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Suppose we try to locate the cause of disorder, we shall find it lies in the want of mutual love.
Book 4; Universal Love I


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As you know, Bergson pointed out that there is no such thing as disorder but rather two sorts of order, geometric and living. Mine is clearly living. The folders I need are within reach, in the order of frequency with which I use them. True, it gets tricky to locate a folder in the lower levels. But if you have to find it, you look for it. That takes less time than putting them away every day.

Jean Piaget

When feudal lords love one another there will be no more war; when heads of houses love one another there will be no more mutual usurpation; when individuals love one another there will be no more mutual injury. When ruler and ruled love each other they will be gracious and loyal; when father and son love each other they will be affectionate and filial; when older and younger brothers love each other they will be harmonious. When all the people in the world love one another, then the strong will not overpower the weak, the many will not oppress the few, the wealthy will not mock the poor, the honoured will not disdain the humble, and the cunning will not deceive the simple. And it is all due to mutual love that calamities, strife, complaints, and hatred are prevented from arising. Therefore the benevolent exalt it.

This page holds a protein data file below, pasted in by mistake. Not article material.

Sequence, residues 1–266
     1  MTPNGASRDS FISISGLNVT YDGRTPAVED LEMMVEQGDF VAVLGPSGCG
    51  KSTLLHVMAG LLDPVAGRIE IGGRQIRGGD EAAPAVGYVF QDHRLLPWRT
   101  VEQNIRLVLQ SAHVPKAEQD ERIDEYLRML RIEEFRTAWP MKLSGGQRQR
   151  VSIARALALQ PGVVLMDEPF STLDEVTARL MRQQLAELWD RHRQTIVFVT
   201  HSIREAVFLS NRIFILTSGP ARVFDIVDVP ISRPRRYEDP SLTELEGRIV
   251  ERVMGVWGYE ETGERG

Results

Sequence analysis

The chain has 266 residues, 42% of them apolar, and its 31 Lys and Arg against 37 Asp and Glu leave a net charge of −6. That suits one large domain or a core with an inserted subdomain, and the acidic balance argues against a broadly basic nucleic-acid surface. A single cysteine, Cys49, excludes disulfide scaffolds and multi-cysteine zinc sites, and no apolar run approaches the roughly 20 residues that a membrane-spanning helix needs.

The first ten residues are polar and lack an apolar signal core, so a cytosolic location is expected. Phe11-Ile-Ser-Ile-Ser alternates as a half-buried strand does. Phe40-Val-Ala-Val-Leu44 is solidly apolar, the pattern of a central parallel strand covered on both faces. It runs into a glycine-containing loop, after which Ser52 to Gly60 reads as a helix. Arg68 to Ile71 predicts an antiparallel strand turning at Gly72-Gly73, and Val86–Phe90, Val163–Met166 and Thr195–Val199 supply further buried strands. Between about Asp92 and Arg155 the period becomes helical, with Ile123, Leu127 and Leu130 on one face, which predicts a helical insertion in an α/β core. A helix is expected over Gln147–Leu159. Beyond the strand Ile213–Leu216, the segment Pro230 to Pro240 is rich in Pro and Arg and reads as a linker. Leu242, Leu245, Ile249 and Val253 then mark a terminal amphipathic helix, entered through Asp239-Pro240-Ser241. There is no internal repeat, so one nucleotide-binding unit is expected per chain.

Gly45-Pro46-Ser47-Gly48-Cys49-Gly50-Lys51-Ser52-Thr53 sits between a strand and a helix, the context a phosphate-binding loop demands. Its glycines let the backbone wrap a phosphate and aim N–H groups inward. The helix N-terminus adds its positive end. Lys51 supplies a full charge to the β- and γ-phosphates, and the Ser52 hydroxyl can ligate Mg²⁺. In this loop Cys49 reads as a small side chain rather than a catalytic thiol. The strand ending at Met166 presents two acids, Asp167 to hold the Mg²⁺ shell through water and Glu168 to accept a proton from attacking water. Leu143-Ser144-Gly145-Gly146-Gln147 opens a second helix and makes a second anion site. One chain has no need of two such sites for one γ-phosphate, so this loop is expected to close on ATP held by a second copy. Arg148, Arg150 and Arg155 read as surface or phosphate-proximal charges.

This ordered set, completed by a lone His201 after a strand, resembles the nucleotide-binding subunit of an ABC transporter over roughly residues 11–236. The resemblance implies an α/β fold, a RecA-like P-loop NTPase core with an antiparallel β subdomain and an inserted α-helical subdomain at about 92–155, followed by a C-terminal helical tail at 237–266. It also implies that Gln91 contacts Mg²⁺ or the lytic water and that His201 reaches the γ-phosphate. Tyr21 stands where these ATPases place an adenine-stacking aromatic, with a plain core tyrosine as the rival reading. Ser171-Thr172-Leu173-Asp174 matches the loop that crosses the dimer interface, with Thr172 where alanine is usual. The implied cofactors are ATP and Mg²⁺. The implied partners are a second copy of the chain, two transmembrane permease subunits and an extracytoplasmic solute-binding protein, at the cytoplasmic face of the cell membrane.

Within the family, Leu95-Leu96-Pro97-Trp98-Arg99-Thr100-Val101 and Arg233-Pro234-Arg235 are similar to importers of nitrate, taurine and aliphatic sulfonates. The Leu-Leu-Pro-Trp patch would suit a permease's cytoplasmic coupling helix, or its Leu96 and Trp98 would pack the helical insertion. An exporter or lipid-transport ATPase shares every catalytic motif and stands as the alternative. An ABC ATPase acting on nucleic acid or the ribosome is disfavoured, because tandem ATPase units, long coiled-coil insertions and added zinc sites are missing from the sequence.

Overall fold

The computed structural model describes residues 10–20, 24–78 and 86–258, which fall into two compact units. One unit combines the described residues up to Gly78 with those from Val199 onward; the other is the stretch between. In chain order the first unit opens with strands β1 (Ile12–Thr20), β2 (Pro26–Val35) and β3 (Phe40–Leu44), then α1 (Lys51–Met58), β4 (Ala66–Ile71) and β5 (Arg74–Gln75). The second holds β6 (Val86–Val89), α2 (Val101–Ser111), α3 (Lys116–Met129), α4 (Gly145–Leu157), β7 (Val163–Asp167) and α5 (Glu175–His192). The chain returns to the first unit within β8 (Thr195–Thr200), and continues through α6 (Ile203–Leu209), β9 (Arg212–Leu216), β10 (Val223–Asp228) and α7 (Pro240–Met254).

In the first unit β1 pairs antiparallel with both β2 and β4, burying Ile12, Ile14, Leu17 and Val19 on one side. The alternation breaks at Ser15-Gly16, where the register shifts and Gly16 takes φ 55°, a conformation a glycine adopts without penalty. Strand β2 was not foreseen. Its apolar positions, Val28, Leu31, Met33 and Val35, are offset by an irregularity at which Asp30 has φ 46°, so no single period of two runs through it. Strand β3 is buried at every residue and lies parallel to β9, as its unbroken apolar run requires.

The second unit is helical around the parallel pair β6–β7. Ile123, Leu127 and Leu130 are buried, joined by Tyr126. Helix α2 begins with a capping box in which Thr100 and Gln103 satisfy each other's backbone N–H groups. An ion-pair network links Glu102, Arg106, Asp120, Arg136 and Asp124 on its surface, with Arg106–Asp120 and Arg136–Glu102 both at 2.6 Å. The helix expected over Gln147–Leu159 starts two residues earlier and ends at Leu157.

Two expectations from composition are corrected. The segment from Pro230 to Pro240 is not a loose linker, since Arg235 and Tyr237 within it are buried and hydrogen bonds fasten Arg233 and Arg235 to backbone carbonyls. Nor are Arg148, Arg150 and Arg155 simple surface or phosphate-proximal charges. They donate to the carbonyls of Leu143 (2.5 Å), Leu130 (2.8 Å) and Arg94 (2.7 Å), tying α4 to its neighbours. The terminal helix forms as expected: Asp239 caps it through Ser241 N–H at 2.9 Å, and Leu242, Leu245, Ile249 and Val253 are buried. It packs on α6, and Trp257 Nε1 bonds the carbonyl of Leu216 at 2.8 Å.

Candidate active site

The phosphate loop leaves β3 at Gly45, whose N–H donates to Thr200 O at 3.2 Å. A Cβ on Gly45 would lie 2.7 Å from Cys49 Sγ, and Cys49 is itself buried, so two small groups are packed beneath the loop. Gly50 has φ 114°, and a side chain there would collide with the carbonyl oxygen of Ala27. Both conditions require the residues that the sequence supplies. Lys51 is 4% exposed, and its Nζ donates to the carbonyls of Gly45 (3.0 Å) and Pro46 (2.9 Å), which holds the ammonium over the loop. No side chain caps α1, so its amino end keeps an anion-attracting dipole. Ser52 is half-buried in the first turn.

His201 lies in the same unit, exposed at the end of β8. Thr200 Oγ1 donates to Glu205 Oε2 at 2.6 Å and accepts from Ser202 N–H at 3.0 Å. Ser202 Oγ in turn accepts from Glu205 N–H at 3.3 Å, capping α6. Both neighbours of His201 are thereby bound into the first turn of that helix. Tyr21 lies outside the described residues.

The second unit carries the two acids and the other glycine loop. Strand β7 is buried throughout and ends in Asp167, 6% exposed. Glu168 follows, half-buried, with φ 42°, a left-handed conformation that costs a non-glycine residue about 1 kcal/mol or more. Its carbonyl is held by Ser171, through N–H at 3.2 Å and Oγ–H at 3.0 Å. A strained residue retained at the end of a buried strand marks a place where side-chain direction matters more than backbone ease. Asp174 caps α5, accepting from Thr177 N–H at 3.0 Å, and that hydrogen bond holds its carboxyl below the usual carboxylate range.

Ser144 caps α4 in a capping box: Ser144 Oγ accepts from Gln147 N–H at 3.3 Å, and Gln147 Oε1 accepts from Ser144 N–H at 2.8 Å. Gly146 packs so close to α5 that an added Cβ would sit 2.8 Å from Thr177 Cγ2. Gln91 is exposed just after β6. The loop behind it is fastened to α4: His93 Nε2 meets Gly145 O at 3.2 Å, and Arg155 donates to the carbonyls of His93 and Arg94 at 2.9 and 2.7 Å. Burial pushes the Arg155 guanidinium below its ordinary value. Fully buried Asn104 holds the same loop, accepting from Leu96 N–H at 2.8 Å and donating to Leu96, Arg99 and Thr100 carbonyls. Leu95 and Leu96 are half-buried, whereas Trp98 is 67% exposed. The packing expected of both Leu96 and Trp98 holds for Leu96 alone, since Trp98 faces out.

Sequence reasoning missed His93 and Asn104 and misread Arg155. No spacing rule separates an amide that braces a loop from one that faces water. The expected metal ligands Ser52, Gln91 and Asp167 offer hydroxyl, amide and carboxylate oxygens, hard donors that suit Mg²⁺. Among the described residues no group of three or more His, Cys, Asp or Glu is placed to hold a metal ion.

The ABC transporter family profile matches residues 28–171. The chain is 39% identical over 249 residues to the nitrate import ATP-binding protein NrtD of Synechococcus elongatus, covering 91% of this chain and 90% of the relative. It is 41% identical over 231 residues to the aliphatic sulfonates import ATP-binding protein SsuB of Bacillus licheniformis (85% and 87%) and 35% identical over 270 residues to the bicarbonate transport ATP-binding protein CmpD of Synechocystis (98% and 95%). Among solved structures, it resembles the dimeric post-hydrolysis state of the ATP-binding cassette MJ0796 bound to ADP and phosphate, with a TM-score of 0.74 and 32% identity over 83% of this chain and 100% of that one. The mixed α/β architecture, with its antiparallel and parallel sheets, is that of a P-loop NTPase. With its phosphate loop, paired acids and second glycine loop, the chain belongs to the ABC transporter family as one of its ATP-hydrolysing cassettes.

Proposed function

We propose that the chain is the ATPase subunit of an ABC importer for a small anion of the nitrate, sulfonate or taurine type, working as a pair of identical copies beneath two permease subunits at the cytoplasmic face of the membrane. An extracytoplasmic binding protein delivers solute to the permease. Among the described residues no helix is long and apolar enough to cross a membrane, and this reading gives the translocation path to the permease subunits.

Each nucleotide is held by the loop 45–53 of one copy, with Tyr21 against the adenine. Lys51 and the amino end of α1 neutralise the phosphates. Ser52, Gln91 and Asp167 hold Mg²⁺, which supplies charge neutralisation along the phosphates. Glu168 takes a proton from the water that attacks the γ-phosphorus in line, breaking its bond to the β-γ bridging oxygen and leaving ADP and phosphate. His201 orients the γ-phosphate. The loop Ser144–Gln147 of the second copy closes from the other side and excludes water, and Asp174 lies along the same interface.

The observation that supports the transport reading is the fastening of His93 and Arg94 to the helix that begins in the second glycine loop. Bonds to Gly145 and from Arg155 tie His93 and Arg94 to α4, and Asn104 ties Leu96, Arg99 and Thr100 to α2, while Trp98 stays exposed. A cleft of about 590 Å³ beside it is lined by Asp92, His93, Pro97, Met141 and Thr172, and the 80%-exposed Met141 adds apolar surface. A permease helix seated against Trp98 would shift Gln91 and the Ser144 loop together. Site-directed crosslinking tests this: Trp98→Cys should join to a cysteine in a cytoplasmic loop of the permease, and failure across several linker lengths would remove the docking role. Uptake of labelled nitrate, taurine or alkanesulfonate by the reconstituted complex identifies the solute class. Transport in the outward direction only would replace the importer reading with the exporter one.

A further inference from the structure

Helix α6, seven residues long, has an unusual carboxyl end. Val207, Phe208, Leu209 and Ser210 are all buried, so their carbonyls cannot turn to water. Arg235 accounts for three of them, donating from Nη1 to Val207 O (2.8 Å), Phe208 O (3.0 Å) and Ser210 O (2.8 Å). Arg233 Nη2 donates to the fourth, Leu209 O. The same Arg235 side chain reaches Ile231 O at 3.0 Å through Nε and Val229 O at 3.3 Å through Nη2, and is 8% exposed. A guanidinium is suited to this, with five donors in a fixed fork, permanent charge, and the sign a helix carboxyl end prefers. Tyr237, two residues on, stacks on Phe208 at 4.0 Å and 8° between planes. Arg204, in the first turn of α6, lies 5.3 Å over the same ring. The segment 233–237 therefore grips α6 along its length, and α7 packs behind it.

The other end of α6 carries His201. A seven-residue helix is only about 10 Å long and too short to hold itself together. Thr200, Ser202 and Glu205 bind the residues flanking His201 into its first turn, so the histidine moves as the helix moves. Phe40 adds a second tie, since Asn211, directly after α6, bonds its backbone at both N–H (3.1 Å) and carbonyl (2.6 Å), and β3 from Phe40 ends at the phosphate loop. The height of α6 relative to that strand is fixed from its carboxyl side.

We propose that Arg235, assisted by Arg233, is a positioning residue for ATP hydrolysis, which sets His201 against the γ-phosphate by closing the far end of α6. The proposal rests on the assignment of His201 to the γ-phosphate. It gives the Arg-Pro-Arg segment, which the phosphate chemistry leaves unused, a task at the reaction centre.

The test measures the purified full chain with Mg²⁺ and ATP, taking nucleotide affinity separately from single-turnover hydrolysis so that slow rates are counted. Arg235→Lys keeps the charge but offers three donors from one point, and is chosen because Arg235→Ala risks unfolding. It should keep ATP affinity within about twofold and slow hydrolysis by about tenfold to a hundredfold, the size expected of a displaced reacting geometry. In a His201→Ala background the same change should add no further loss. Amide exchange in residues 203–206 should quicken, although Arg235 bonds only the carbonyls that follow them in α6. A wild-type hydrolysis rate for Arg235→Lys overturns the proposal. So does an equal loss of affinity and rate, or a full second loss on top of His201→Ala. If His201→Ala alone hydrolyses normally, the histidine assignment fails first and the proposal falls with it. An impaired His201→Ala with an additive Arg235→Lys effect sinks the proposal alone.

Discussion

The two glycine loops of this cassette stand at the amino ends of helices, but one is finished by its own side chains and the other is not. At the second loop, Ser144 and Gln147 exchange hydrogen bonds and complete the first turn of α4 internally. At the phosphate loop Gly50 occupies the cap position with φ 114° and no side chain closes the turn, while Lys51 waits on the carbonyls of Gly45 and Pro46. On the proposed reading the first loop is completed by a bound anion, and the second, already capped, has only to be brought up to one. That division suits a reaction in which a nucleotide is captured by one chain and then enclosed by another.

When you locate good in yourself, approve of it with determination. When you locate evil in yourself, despise it as something detestable.

Xun Zi

Now, as to universal love and mutual aid, they are beneficial and easy beyond a doubt. It seems to me that the only trouble is that there is no superior who encourages it. If there is a superior who encourages it, promoting it with rewards and commendations, threatening its reverse with punishments, I feel people will tend toward universal love and mutual aid like fire tending upward and water downwards it will be unpreventable in the world.


When we ask ourselves by what means a certain moral level can be maintained in a human or animal society, we find only three such means: the repression of anti-social acts; moral teaching; and the practice of mutual help itself. And as all three have already been put to the test of practice, we can judge them by their effects.
As to the impotence of repression it is sufficiently demonstrated by the disorder of present society and by the necessity of a revolution that we all desire or feel inevitable. In the domain of economy, coercion has led us to industrial servitude; in the domain of politics to the State, that is to say, to the destruction of all ties that formerly existed among citizens, and to the nation becoming nothing but an incoherent mass of obedient subjects of a central authority.

Peter Kropotkin
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